As I have always thought of myself as relatively apolitical, in a vaguely liberal way of many social scientists, this came as a surprise with a bit of distress mixed with a large amount of pleasure. After reflection I felt pleased that I was able to overcome my natural trained-in neutrality and take a stand on something important. It was a mark of maturity.
Rapoport knew that his approach, like that of an increasing number of contemporary social scientists, had been based on his own personal values and was therefore biased. Nevertheless he felt strongly that social scientists who did not react to something considered a matter of human rights or human concern were liable to find their integrity, even their humanity, questioned.
Born in Brockton, Massachusetts, Rapoport received an MA in Social Anthropology from the University of Chicago, and a PhD at the Department of Social Relations of Harvard University for his thesis on the changing values of Navaho Indians. After studying mental illness in a Canadian county, he held several positions from Assistant to Professor in the United States.
In 1954 he accepted an appointment as Research Director in the Social Rehabilitation Unit of Belmont Hospital, in Surrey, where the psychiatrist Maxwell Jones was developing the concept of a therapeutic community. The concept assumed that, in addition to the therapeutic efforts of the trained staff, an important potential for the support and cure of each patient existed in the sorts of relationships and attitudes of other patients in the hospital.
It was a daring concept, dependent for its success upon changes in ward culture and hospital organisation, and Rapoport found himself leading a multidisciplinary team of social scientists in a challenging situation. However it proved highly productive for him and he generated more than a dozen papers from it, four written in collaboration with his wife, Rhona Sofer, a South African sociologist and psychoanalyst. From this work emerged an influential Rapoport book, Community as Doctor: new perspectives on a therapeutic community (1960), which nevertheless stopped short of recommending the concept for the patient outside the hospital in the general community.
In 1957 Rapoport returned to the US to resume an academic career, first at Harvard and then at Boston College and North-eastern, whilst his wife took a post on the staff of the Harvard Medical School.
In 1965 he accepted a post as Senior Social Scientist at the Tavistock Institute in London and they moved back to England. With collaboration from an economist, Michael Fogarty, Bob and Rhona Rapoport were soon involved with work on gender and family issues, and especially on the opportunities for talented women to fill top-level posts, later explored in Women and Top Jobs (1972) and still a contentious issue today.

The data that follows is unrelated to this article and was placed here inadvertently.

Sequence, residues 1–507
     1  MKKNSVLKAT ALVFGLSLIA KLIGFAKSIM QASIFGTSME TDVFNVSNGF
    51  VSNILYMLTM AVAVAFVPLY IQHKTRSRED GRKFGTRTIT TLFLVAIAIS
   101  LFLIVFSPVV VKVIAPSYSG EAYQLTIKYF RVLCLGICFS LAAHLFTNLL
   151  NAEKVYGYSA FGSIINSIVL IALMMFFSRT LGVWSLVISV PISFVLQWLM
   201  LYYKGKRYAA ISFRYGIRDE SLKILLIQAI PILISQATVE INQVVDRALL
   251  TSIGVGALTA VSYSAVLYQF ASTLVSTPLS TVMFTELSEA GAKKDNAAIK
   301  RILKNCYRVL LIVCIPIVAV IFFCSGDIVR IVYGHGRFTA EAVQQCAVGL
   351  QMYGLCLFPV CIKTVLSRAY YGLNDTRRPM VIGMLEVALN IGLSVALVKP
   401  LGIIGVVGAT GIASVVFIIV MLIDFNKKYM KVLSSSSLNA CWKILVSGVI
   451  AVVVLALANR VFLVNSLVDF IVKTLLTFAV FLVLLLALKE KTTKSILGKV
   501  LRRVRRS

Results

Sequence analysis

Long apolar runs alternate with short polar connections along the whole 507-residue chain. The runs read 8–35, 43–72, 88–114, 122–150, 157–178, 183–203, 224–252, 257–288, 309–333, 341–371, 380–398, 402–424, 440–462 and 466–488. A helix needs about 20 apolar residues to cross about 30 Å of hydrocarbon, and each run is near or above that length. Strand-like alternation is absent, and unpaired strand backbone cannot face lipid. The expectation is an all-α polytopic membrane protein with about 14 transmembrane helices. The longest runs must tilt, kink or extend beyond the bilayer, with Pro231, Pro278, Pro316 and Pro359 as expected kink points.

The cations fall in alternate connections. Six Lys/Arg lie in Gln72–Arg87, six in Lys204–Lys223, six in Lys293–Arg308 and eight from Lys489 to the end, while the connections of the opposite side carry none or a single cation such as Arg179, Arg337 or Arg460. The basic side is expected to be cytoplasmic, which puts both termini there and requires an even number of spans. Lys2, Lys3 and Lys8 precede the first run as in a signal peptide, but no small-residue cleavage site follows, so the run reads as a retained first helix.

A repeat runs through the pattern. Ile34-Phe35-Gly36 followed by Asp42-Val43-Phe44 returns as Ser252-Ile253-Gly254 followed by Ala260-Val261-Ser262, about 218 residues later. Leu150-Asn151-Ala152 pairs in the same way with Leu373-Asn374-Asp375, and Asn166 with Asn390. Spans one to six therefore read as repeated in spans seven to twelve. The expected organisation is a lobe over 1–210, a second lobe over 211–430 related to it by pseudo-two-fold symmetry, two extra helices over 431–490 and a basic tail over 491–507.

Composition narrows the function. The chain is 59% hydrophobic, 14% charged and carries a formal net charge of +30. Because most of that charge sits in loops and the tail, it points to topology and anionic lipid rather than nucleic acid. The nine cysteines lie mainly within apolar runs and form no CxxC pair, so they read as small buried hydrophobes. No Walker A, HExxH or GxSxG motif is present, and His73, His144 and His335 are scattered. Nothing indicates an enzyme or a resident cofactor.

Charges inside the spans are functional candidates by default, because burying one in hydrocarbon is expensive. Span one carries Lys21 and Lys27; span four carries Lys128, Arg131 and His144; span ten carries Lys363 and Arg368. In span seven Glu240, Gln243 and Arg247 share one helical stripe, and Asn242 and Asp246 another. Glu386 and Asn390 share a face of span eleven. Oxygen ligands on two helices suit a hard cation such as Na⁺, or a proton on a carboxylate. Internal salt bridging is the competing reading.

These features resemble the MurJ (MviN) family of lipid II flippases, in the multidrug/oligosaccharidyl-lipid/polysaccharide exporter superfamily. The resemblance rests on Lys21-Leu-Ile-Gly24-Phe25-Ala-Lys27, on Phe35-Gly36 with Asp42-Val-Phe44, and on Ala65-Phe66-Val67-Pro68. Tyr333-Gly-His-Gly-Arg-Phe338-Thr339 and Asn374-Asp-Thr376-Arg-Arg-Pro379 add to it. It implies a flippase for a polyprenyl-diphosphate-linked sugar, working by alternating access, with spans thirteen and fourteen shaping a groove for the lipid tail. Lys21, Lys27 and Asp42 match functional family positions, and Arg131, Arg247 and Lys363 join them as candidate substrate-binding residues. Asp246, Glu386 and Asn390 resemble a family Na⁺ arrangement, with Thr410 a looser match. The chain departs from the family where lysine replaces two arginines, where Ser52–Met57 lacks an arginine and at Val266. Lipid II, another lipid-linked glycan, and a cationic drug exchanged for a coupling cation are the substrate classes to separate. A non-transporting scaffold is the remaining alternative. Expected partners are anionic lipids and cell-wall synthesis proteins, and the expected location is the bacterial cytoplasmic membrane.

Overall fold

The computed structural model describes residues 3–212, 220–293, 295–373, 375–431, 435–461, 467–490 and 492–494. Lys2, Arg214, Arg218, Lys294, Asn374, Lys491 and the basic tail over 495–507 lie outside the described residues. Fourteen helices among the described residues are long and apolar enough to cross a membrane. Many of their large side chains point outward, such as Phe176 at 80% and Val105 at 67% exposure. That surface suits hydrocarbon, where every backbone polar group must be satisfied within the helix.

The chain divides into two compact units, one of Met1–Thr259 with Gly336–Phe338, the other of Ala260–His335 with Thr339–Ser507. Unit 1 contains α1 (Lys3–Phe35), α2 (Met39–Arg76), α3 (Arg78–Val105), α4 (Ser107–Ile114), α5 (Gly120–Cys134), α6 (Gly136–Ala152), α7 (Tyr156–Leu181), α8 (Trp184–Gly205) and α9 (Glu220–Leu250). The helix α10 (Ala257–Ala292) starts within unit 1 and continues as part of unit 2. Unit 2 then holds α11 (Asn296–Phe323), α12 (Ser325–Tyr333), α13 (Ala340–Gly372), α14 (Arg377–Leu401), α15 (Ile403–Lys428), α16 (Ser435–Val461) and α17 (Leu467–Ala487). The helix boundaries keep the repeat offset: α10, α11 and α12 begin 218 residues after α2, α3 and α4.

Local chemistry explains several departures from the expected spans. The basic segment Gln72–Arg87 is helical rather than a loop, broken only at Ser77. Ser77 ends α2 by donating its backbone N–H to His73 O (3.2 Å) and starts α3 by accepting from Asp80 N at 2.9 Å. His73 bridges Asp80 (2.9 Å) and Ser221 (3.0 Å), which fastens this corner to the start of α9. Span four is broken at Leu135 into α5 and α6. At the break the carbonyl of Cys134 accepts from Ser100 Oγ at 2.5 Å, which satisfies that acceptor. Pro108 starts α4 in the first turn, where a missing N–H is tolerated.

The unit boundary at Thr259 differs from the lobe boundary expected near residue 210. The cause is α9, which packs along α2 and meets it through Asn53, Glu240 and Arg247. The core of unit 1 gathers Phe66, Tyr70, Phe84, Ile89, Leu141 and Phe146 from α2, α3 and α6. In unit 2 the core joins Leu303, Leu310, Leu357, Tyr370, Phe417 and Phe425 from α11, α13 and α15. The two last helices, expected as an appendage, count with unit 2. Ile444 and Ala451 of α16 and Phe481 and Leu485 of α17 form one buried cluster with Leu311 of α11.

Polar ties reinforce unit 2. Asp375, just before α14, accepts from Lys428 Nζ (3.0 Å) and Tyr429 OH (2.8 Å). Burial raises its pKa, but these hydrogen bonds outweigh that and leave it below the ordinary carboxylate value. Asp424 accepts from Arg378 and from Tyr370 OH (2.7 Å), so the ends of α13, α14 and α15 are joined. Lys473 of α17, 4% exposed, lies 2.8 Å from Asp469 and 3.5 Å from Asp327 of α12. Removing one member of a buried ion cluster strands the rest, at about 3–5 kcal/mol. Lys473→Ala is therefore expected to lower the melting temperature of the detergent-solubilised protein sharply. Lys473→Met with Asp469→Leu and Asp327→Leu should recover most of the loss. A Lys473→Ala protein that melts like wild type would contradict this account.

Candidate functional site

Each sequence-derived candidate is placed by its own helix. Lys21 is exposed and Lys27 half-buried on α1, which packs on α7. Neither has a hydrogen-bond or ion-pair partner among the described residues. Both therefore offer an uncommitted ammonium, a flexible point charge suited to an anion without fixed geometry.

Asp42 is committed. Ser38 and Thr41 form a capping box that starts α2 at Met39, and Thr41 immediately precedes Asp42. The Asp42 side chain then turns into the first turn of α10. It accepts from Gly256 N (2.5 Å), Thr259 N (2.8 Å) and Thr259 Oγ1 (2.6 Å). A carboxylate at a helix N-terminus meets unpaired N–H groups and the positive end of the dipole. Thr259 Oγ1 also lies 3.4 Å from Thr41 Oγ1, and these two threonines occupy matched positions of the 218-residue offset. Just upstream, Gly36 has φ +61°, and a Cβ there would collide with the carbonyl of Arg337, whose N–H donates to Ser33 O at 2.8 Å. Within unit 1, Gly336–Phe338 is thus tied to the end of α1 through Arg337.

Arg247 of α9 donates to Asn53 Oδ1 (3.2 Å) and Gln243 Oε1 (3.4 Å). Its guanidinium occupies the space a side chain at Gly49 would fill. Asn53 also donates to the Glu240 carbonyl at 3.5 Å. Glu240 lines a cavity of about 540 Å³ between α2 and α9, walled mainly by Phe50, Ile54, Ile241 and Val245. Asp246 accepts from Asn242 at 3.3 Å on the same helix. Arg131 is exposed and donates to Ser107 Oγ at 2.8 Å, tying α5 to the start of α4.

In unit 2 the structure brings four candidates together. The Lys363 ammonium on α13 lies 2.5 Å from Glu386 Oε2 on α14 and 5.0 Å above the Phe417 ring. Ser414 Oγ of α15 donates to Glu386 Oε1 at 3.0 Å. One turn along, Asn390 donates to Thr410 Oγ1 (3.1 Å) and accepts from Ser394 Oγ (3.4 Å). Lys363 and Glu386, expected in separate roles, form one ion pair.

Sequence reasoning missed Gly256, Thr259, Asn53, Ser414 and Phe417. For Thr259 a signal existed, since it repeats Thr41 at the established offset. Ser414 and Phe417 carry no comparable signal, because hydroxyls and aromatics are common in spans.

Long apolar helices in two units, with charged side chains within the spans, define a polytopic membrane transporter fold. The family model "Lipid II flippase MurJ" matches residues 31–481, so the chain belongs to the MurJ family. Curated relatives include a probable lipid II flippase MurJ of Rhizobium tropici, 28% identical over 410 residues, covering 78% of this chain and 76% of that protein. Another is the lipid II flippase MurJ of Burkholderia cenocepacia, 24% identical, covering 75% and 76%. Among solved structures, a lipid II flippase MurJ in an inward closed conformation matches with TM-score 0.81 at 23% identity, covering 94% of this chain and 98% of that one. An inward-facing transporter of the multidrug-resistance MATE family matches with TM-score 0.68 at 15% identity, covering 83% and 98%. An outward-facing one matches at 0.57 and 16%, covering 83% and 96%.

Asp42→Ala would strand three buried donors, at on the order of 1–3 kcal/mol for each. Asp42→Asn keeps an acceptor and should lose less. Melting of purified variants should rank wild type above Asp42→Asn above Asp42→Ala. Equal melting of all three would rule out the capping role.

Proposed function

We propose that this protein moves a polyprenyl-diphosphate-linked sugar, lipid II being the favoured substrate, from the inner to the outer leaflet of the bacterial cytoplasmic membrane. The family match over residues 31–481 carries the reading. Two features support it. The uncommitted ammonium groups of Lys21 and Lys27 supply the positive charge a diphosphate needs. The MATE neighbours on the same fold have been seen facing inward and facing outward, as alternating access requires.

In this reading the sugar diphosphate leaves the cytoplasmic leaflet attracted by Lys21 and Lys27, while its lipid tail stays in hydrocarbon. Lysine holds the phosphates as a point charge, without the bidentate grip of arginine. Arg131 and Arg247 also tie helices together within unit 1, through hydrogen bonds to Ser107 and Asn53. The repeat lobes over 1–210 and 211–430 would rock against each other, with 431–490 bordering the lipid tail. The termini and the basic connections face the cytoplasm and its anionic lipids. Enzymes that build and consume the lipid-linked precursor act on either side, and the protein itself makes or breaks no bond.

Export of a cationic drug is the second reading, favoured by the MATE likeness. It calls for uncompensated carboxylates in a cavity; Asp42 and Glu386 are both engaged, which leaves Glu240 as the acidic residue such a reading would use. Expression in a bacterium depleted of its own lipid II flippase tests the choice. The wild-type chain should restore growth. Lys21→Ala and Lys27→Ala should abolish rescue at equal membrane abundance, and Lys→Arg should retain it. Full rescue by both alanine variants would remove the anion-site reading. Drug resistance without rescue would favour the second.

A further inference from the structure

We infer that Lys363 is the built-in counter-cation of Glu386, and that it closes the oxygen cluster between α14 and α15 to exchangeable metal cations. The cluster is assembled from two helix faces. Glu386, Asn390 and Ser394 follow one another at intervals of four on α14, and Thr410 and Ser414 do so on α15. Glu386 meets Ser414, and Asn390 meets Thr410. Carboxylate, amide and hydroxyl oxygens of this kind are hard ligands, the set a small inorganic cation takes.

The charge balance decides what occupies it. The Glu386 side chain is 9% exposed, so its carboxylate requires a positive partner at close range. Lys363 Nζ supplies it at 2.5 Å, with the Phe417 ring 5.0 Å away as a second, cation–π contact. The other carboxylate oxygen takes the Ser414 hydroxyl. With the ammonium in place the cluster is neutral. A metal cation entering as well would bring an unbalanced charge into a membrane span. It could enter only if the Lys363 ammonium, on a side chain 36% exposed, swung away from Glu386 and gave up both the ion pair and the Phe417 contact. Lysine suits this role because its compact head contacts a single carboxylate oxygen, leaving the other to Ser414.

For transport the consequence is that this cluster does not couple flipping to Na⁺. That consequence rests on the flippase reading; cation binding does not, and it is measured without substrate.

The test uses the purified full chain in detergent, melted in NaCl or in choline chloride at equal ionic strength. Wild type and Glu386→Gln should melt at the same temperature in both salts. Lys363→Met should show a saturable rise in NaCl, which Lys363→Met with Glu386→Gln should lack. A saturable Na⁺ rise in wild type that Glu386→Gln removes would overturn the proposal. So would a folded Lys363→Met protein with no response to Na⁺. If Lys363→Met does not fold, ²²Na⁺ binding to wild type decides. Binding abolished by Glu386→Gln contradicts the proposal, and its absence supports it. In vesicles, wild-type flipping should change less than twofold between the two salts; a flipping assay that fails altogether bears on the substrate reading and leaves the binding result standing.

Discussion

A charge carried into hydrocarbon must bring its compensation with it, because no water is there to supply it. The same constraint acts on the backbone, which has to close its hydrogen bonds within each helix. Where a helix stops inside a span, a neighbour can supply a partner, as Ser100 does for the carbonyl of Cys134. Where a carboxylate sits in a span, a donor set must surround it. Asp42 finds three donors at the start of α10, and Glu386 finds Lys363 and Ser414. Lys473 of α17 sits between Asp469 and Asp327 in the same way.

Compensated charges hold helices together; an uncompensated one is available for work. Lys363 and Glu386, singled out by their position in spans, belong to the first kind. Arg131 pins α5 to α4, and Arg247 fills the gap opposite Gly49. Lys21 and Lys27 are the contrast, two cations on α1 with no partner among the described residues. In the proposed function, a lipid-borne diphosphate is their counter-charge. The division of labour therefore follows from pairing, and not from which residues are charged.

They then investigated dual-career families where husband and wife were each pursuing a career as well as being parents. Although the resulting Pelican book, Dual Career Families (1971), concentrated primarily upon case studies of only five families, its conclusions on "contemporary issues" remain startlingly pertinent. On the strength of further research and a growing reputation, Bob and Rhona Rapoport in 1973 established the Institute for Family and Environmental Research with a distinguished body of trustees.
Whilst the family studies were in progress, Rapoport was asked by the Administrative Staff College at Henley-on-Thames to evaluate its general management programme. The college wanted to discover whether members sent on the course had benefited at all in terms of development as a manager or as a person. Using sophisticated survey techniques, Rapoport found that a manager might develop in one of four ways. This was an important discovery, perversely neglected, because it revealed the development process to be complex. He also recommended a number of desirable changes at Henley which were subsequently implemented.
In the Eighties, Rapoport returned to the field of mental health in New York, helping to develop innovative work on children's difficulties. Then, in the Nineties, he resumed research into the issue of values while a Visiting Professor at Surrey University, and with the encouragement of Unesco started a series of symposia on Global Values. Although deeply sensitive to the current turbulence in the world, he remained optimistic, believing that from it "a new world order will arise, a new level and type of civilisation embracing the whole world", towards which families will be able to make a powerful contribution.
Robert Norman Rapoport, social anthropologist: born Brockton, Massachusetts 1 November 1924; married 1957 Rhona Sofer (one son, one daughter); died London 4 November 1996.Reuse content